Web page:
Shortly after the invasion started, Russia outlawed criticism of the military and other dissent. “The irony of the situation,” Kagarlitsky added, “is that in the process of destroying any oppositional mobilization, the system also destroyed the very capacity of the society to mobilize itself around issues.”

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As women knit, they earnestly tell Russian state and regional TV interviewers that they put love into every stitch, while echoing state propaganda about the war.

Nikolai Bondarenko, head of Predgorny district in southern Russia, who organized a local effort, insisted to local media that children had “voluntarily” knitted 200 pairs of long warm socks for soldiers.

In Chuvashia, east of Moscow, Natalya Nikolaeva, the governor’s wife, is leading a collection of food and gifts for soldiers.

In Lipetsk, south of Moscow, the youth wing of the All-Russia People’s Front, a political coalition founded by Putin in 2011, and a state-funded craft center established the “Knitting Battalion,” targeting women in senior residences and people with disabilities as knitters.

The knitting, baking, letter-writing and fundraising builds on Russia’s self-mythologizing as the nation that saved the world from the German Nazis in World War II, in hopes of deepening ordinary Russians’ involvement in the war.

The goal appears to be to foster a collective sense of purpose and hope amid Russia’s repeated battlefield setbacks and its persistent logistical problems training and outfitting some 300,000 mobilized soldiers.

One knitting group calls itself the “Night Witches,” after the famous World War II Soviet female pilots who flew bombing sorties against the Nazis.

The point of the exercise appears to be to provide a warm glow on state TV propaganda, balancing the Kremlin’s alarmist narrative that Russia is a victim of Western aggressors eager to gobble it up.

The Kremlin’s message that Russia’s very survival is threatened has increased the levels of public anxiety, the Levada Center reported last month, with 80 percent of poll respondents saying they are worried about the war.

“If we don’t win it, we won’t lose. We will simply cease to exist,” former Russian space agency chief Dmitry Rogozin said recently in an interview on RT television. Rogozin leads a group supporting Russian military units.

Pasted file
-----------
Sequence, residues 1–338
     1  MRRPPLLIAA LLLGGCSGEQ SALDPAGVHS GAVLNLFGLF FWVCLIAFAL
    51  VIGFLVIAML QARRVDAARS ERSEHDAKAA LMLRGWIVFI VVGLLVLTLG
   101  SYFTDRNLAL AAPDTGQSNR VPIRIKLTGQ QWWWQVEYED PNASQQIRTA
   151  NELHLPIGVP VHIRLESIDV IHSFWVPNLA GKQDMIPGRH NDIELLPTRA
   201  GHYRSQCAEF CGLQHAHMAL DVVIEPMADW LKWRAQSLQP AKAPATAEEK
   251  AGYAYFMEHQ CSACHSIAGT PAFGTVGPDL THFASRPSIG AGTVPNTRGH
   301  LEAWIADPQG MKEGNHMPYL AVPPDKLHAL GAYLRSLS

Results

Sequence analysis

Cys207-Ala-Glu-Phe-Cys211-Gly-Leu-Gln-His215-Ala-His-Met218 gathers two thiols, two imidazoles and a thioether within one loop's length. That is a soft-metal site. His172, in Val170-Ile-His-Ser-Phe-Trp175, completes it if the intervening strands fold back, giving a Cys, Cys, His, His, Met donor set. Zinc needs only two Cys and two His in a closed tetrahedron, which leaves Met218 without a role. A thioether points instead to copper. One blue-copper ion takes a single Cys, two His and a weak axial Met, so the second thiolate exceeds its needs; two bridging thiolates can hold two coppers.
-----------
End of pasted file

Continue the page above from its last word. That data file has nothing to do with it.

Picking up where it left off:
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Russian psychologist Ekaterina Kronhaus, based in Israel, said the attempt to foster pro-war activism was partly feel-good propaganda, portraying Russia as a savior. Volunteerism, she said, also helps citizens assuage their horror about the war.

“We had that in the Soviet period. We know it. It’s: ‘I will make some ceramics or send some socks or my last rubles.’ It’s about patriotism — we need to put up the flag, we need to sing anthems and all that stuff,” Kronhaus said.

Zinaida Yevmenkova, 82, of Ulyanovsk, a city on the Volga River, did spend her last rubles — donating 300,000, or more than $4,000 — to buy a small quadcopter drone for the Russian military, the Giving Kindness charity reported. Russia’s average monthly pension is about $266.

In gratitude, a soldier flung himself at Yevmenkova’s feet and bowed, touching his forehead to the ground and promising “to win and keep more guys alive.”

For some volunteers, however, there has been less joy. Police in the city of Oryol, southwest of Moscow, were called in after a pensioner found the socks she had knitted for soldiers on sale at the local market. The woman had to be rushed to hospital with a heart problem, a local paramedic posted on social media. The paramedic did not respond to messages from The Washington Post.

In a sign of anti-Western sentiment, administrators for the Night Witches knitting group declined an interview request from The Post, declaring in a message on Telegram that “Putin is the President of the World” and signing off with a string of obscenities about NATO and the Pentagon.

Loza, the baker, similarly did not respond to interview requests. Eleven other knitting groups or members of groups in cities across Russia either did not respond or declined to be interviewed.

“For a mobilization, you need enthusiasm, or at least there must be some kind of collective fear,” Kagarlitsky said. “But at this point, the only source of fear in Russia is the state itself.”